Another year, another massive budget shortfall
After six straight years of gaping budget gaps, it’s hardly surprising these days when state budget forecasters announce that the state is facing yet another large shortfall between revenues and expenses in the upcoming budget cycle. Next year’s gap, announced Thursday to the Joint Legislative Committee on the Budget, is $1.2 billion, which means Gov. Bobby Jindal and the Legislature will have to find that much in savings or new revenue by the time the budget is presented in February.
Though the latest news comes as no surprise – we’ve known for months that the current-year budget was patched together with $991 million in one-time dollars that won’t be available next year – that doesn’t mean we shouldn’t be concerned. It’s one thing for the state to have budget shortfalls in the middle of a great recession, as Louisiana and the rest of the country experienced in 2008-10. It’s quite another to keep running deficits when the state economy is allegedly humming along with 4.2 percent unemployment and a construction boom that spans the southern half of the state.
The governor’s policy advisors assured legislators that they’re already working on ways to plug the gap, including $216 million in potential “savings” identified by a state consultant and $240 million in “private donations” to support the private nursing home industry. But it’s also likely to involve more cuts, large and small, to the basic services that citizens depend on. And those cuts have real-world consequences, as Sen. Edwin Murray discovered recently when he was forced to wait for three hours in line at the Office of Motor Vehicles.
Will tax exemptions take center stage in 2015?
While the budget debate is likely to be dominant in the 2015 legislative session – Gov. Bobby Jindal’s last as governor – it’s also a “fiscal” year when lawmakers can debate tax policy. At this early stage it’s entirely unclear what agenda the governor will propose, if any. But Jeremy Alford of LaPolitics Weekly reports that some legislators want to take another stab at controlling the myriad tax exemptions that are draining precious state resources.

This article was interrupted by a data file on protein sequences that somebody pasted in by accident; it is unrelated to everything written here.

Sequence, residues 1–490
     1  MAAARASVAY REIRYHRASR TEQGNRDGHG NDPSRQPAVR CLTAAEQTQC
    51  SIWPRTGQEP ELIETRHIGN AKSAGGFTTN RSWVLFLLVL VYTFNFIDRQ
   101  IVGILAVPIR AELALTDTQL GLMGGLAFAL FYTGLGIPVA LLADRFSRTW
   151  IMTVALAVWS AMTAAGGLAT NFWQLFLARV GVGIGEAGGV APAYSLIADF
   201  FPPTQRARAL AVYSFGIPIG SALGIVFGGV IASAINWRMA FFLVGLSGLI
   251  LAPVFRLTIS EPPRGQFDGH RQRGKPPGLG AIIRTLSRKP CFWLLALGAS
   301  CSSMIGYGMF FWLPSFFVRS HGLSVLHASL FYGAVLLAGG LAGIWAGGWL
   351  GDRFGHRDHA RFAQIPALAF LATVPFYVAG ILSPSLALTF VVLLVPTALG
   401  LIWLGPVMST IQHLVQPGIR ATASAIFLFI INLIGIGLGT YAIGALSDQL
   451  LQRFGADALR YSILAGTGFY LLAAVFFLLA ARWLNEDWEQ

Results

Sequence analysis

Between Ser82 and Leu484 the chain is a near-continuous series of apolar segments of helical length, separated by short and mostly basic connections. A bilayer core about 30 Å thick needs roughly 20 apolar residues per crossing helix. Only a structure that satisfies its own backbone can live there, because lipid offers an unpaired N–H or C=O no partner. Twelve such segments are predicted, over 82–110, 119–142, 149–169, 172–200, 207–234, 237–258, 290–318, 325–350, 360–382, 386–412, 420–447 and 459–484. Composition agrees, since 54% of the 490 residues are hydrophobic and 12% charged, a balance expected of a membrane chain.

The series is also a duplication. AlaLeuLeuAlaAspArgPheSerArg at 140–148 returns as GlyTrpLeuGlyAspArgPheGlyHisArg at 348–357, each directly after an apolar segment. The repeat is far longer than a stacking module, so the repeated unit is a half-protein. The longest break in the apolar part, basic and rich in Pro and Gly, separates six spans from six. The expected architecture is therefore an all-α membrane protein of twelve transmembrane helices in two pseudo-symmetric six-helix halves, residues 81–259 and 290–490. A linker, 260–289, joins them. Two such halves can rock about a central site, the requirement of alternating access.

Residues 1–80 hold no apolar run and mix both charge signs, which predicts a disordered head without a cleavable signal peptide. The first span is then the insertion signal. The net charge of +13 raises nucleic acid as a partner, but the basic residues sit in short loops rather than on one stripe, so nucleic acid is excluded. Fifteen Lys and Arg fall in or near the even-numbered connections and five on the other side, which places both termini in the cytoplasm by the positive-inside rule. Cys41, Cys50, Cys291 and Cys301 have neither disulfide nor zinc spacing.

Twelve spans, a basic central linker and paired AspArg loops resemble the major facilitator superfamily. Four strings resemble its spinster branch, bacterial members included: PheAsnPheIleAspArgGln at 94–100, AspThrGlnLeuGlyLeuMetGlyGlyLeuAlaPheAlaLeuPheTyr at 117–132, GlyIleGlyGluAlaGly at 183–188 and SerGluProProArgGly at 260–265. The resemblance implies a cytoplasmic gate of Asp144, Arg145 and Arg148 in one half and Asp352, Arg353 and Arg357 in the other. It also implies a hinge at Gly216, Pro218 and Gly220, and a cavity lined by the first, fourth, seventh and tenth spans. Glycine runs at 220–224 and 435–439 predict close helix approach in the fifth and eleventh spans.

“Lawmakers say there’s a real appetite growing for cutting tax exemptions in order to create revenue, despite Jindal’s long-held stance that such policy maneuvers equate to tax increases. “None of us want to run for re-election next year on cutting higher ed and health care to the bone,” said a lawmaker. “A lot of things will be on the table in 2015: the e-fairness tax, the film tax credits, the cigarette tax. We’ll see if they actually move. The game of chicken I see playing out is Jindal preserving his anti-tax pledge and the Legislature overriding him.”
Paying kids to go to school
Politico Magazine takes a long look at a pilot antipoverty program in Memphis where low-income parents and children get cash incentives to do the types of mundane things most people do without government support – go to work, attend school and show up for regular medical check-ups. The Memphis Family Rewards Program only includes 600 people, but is being closely watched to see if it can help break chronic, long-term cycles of poverty and despair.
“The rewards system, modeled on similar programs in Mexico, Brazil and Indonesia principally aimed at the rural poor, is one of the few genuinely novel anti-poverty experiments to sprout up in the innovation desert that is post-1996 welfare reform in America. Enthusiasm for the programs, known as “conditional cash transfers” (CCTs), remains high internationally, and has been enthusiastically embraced by the Davos set. In a 2009 report, the World Bank hailed the success of CCTs in Mexico as “powerful proof that well-designed public programs can have significant effects on critical social indicators.”
“But paying poor people to perform quotidian tasks is a much harder sell in the up-from-the-bootstraps culture of the United States, and the cash transfers have been ridiculed or, at the very least, greeted with skepticism everywhere they’ve been tried in America.”
Anything but the 9-to-5
The New York Times takes an insightful look at one more problem confronting low-wage workers in the retail sector: modern scheduling software that companies like Starbucks use to “choreograph workers in precise, intricate ballets, using sales patterns and other data to determine which of its 130,000 baristas are needed in its thousands of locations and exactly when.”
While such software has proven quite profitable for the corporations that use them, it can often wreak havoc on workers. The advances “are injecting turbulence into parents’ routines and personal relationships, undermining efforts to expand preschool access, driving some mothers out of the work force and redistributing some of the uncertainty of doing business from corporations to families, say parents, child care providers and policy experts.”
Number of the Day
79 – Percentage of Louisiana residents who were born in the state, making Louisiana one of America’s least diverse states when it comes to domestic migration. (Source: New York Times)